You are reading Week 3 of 52 Weeks to Eliminate Debt & Curb Spending. Please read the overview here to learn more about the series & get your FREE financial planner. If you just joined us, please start with week 1.
Now that you have set out your goals and created a budget, it is time sit down and begin Making A Debt Repayment Plan. This means you will be taking time to look at individual debt to determine which to focus on paying off first. It can also include looking at things like settlements, negotiations and closing accounts.
BEFORE you start trying to pay off debt, you need to establish a $1,000 emergency fund. We talked about this last week when you set up your budget. If you have $200 left per month after all your “must pay” expenses, that money goes directly into a savings account. Once you get $1,000 saved up, you can move on to repaying debt. Remember this $1,000 is for emergencies, not because you want a new iPad. Focus on your debt relief goals. You can do it! The new iPad will come later.
MAKING A DEBT REPAYMENT PLAN
1. Get honest about what you can afford. This is the tough part. You really have to get honest with yourself and accept that you may be living outside your means. Look at your budget and start slashing items that are optional until you have created budget monies to get you caught up and start paying down debt.
If you have slashed optional items and still have no spare money, you maybe looking at a deeper financial need of more income. That is something we will deal with in future weeks, but you can begin now honestly evaluating your current job and income situation.
2. Focus on getting current first. While you want to immediately focus on paying off at least one debt, for your own credit score and financial security in the future, it is most important to get caught up on any outstanding debt you have incurred. If you are behind on payments, this is the time to work double time to get caught up.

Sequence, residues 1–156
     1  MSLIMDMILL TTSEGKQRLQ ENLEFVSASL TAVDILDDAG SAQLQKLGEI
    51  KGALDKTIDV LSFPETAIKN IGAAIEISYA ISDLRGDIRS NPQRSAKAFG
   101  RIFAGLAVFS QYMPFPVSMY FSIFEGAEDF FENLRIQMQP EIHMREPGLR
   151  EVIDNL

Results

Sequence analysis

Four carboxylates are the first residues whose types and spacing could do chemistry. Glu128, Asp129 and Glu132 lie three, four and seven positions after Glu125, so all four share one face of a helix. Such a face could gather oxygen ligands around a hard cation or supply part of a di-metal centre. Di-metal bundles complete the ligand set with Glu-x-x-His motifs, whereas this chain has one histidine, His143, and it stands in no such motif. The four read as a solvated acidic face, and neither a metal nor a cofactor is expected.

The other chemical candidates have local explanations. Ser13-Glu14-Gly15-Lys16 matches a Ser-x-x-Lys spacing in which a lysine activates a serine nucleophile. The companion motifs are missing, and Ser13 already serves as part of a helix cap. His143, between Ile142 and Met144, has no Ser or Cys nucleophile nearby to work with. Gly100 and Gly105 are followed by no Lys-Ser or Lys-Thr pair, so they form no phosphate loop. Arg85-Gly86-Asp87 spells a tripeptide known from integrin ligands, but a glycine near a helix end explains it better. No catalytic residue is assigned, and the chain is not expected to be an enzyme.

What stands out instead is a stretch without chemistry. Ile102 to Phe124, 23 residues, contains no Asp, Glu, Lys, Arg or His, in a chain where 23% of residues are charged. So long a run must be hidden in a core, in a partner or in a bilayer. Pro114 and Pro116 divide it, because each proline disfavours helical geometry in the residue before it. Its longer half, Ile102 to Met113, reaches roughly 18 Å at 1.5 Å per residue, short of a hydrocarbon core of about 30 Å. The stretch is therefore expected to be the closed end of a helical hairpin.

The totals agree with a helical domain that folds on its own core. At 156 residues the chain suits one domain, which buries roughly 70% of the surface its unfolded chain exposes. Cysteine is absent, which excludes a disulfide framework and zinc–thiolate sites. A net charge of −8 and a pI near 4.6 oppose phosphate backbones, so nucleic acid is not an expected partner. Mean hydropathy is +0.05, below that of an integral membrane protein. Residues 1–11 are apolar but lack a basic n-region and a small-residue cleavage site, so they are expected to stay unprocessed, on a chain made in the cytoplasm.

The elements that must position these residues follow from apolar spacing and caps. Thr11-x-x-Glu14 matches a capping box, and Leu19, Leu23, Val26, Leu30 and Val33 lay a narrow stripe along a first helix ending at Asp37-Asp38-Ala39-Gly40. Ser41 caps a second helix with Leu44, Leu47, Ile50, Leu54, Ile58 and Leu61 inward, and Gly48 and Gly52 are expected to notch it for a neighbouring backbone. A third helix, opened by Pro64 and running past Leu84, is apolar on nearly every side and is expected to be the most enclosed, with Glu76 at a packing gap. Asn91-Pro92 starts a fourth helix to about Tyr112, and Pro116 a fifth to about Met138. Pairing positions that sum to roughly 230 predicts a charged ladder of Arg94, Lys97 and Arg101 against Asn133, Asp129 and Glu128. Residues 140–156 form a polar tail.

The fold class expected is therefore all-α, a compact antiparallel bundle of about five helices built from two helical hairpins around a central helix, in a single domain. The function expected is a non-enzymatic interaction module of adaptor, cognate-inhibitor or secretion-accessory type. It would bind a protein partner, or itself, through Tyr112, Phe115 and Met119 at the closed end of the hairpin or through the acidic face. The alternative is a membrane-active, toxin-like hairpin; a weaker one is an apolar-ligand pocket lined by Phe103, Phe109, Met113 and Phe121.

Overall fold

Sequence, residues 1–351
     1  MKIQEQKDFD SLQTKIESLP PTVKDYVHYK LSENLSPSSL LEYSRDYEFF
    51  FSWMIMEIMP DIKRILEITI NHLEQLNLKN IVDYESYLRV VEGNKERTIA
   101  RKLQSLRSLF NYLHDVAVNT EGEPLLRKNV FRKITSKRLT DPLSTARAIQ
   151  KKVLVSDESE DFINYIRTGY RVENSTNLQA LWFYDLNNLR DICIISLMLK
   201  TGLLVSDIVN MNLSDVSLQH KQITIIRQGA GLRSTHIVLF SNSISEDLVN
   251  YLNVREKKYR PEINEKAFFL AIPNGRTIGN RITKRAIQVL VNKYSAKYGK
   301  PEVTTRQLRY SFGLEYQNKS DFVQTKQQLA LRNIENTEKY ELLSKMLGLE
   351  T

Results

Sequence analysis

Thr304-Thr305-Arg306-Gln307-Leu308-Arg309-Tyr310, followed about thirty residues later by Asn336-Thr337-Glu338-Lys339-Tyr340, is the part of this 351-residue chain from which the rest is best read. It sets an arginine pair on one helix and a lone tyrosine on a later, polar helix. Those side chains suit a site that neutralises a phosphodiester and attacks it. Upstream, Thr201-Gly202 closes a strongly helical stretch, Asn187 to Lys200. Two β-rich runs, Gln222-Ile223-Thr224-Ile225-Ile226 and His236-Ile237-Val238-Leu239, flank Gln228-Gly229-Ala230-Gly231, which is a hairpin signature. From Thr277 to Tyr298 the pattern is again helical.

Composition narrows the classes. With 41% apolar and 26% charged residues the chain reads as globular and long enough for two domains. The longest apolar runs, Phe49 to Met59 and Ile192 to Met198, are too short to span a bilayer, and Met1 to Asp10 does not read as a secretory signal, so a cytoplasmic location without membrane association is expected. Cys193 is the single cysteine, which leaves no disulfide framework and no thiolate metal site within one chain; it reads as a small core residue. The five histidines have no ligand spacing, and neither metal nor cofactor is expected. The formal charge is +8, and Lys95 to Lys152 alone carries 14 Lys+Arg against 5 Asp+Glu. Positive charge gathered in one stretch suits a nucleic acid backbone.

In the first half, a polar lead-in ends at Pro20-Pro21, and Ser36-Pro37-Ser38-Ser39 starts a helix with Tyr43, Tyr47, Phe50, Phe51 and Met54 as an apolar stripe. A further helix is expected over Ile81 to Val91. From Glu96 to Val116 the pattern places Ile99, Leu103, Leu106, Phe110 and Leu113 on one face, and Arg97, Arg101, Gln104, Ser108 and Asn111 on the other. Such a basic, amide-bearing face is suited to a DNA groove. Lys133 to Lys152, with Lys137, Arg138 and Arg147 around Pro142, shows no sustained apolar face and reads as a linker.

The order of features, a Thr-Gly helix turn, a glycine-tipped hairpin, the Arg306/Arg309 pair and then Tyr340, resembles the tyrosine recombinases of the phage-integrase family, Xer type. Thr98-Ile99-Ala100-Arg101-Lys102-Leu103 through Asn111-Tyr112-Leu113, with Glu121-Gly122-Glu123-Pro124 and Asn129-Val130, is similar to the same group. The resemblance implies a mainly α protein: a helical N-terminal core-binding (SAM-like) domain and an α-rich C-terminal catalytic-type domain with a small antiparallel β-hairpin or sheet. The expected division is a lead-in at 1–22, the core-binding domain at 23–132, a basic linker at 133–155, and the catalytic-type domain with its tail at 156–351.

3. Next step is to focus on paying off one debt at at time. Choose between putting more money toward your lowest balance so it will be paid off earlier, or paying down the debt with the highest percentage of interest. Both are valid methods that have been proven to work well for many people. Your choice depends on the total amount owed, and which will seem more feasible to you in the short and long term.
Personally, we chose to pay off debt with the lowest balance first. Get rid of that $100 Kohl’s credit card bill first then move on to the $500 Home Depot card. If there were 2 credit cards with a fairly close amount; I paid off the card with the highest interest rate first.
4. When you pay off one debt, float that money to the next in line. Instead of looking at that budgeted payment amount as extra money in your budget, leave it in place to pay off the next debt balance in line. Focus your energy on paying off as much debt as possible before beginning to use the extra funds.
This week it is important that you focus on making a debt repayment plan that you can work with easily. This isn’t meant to be your idea of a good plan, but instead, it’s a legitimate plan that you and your income can work within and make happen. Create a debt repayment plan that you know you will be able to stick to long term.